Plenty of folks are already fighting on our behalf. Ian Rankin, for example, campaigned to prevent the closure of 16 libraries in Fife. He said the library provided ‘refuge and a place of constant wonder’ when he was growing up. I know the feeling. When Sydenham Library faced closure in 2011, writer Baroness Mary Warnock said the shutting of her local library amounts to ‘barbarism’.

Zadie Smith, fighting to save Kensal Rise Library, said ‘I can see that if you went to Eton or Harrow, like so many of the present government, it is hard to see how important it is to have a local library.’ Smith wasn’t alone in the campaign to save Kendal Rise – a library opened by Mark Twain. She was joined by Nick Cave, Alan Bennett, the Pet Shop Boys, an entire community and, of course, a few of my fellow recluses.

The fight to save our libraries is particularly important for younger generations – those kids seeking an escape to read Huckleberry Finn in peace. Surely, these kids have the same right that I was once afforded. They too deserve an escape. They too deserve the sort of peace that kept my sanity in check. Like Rankin, they too deserve a place of refuge and constant wonder.

Last Saturday, the UK celebrated National Library Day. National Library Day was an opportunity to raise awareness and help to protect the natural habitat of strange, reclusive creatures such as myself and to ensure that every kid has the same opportunities that I once had: to hide away from the outside world. It received little attention. Perhaps that’s because there was little to celebrate, as closures are hardly worth celebration.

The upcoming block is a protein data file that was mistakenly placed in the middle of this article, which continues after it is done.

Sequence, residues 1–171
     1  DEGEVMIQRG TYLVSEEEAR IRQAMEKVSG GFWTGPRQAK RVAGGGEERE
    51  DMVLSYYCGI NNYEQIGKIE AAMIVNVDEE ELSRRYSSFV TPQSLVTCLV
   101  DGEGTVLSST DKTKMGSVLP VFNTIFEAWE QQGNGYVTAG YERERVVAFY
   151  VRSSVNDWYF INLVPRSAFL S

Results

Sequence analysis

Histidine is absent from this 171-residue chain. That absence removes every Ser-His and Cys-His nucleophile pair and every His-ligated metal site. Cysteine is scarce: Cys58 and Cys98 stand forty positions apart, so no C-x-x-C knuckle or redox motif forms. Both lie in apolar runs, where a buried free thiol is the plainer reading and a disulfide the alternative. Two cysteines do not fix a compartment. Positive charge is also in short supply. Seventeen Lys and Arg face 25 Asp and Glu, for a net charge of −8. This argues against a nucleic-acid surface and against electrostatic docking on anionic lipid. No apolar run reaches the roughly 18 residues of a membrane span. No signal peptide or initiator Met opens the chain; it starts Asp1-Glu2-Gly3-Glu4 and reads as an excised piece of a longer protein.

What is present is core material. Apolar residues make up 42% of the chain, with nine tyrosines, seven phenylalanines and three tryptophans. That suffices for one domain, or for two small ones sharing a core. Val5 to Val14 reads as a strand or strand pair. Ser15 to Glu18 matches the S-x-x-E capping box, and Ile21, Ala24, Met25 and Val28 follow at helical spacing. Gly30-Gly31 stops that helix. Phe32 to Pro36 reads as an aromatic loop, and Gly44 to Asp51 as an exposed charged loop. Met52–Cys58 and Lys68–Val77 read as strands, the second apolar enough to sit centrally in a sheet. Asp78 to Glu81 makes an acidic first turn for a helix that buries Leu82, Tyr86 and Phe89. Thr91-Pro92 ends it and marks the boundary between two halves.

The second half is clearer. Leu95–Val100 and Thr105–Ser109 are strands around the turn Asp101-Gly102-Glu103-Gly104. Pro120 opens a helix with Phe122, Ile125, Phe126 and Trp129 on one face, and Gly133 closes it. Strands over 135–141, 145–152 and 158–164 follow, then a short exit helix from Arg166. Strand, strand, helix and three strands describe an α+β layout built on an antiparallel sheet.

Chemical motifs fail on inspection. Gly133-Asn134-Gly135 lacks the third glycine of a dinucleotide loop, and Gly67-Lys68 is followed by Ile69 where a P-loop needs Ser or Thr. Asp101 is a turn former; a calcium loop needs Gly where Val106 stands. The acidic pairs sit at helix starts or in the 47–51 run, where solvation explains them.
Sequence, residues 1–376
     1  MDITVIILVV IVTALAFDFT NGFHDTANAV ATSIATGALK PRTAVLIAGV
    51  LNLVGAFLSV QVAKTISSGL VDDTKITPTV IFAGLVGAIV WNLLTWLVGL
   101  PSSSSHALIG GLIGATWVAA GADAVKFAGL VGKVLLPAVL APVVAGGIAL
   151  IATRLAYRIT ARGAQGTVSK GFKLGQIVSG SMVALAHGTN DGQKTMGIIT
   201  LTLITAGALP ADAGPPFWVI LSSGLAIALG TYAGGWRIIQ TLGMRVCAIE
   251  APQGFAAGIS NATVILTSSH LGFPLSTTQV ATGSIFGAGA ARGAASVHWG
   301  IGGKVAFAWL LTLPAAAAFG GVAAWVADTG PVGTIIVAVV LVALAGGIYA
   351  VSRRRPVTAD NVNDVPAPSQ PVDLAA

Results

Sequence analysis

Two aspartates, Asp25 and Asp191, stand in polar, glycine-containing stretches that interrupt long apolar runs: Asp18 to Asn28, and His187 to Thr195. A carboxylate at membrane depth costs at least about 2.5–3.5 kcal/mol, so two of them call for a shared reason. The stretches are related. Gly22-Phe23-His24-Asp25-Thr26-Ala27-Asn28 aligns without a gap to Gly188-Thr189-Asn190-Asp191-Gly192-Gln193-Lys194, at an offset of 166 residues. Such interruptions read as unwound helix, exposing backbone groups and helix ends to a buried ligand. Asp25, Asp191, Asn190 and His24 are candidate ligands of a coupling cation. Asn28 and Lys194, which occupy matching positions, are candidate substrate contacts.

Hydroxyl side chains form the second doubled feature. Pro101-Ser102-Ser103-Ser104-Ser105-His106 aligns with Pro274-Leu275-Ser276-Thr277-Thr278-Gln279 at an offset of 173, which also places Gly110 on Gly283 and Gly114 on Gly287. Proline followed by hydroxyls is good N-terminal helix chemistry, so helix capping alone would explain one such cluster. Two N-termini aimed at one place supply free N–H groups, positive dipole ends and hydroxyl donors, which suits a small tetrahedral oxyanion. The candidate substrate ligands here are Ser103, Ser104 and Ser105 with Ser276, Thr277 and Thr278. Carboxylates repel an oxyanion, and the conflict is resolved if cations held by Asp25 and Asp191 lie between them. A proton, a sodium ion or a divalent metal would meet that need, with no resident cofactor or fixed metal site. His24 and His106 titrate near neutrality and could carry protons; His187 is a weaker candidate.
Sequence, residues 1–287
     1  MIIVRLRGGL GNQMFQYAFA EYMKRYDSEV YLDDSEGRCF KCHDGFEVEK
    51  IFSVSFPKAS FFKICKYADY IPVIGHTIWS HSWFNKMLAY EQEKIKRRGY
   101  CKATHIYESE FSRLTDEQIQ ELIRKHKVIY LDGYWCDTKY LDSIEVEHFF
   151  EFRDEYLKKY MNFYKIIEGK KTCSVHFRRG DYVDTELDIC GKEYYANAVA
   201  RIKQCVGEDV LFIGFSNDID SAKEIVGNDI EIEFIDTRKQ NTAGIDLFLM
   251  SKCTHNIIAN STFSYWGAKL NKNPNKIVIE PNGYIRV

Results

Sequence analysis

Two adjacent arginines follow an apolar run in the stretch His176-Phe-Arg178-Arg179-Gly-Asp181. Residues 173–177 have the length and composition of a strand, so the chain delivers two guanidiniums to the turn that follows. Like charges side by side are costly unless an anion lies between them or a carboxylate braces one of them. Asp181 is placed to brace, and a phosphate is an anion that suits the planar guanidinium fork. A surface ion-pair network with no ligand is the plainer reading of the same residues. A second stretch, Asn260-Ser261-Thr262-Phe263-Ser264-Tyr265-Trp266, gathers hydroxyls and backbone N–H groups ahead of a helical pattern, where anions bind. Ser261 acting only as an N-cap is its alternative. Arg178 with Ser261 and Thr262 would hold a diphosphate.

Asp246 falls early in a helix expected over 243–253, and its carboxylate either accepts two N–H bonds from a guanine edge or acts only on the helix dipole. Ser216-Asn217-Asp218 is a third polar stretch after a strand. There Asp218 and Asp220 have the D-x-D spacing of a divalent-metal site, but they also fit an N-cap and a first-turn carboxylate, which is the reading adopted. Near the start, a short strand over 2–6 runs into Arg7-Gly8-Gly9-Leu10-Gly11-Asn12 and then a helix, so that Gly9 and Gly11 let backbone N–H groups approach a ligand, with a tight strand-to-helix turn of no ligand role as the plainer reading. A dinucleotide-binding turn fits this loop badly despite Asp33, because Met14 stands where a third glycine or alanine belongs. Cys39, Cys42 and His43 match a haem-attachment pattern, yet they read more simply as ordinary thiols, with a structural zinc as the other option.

Every Briton needs an escape. Some find it on nightclub floors. Others find it amongst the foliage and greenery of public parks. For recluses, the library is our escape. It’s our home. It’s where we feel comfortable. It is as close to a utopia as we have ever found and we will always, albeit reluctantly, fight for that utopia.

David Bowie’s Bookshelf

A person’s bookshelf will reveal everything you need to know about them. Discovering an individual’s favourite books offers an insight into their thoughts, motivations and influences. My nostalgic reaction to David Bowie’s death, therefore, wasn’t to binge listen to his records. I didn’t prepare popcorn and watch Labyrinth. Instead, I revisited an article from 2013, which listed Bowie’s top 100 must-read books.

Bowie’s favourite books reveal a great deal about his character and, indeed, his creative process. The list mentions obscure works that have become paradoxically mainstream -reminding us of Bowie. The choices are cultish, irreverent and brimming with heterodox. The theme of identity pervades throughout – utterly unsurprising, as the man in question perpetually toyed with the notion of identity, constantly reinventing himself in the process.

An obvious place to start – if only for Bowie’s influence on the book’s subject – is Jon Savage’s Teenage: The Creation of Youth 1875-1945. This work explores youth subcultures across the world, building on Dick Hebdige’s Subculture and the Meaning of Style. Teenage explores the various movements – political, cultural and social – that have attracted young people longing for an outlet. This sense of identifying with a movement is a pivotal theme in Bowie’s list of books – particularly his fictional choices.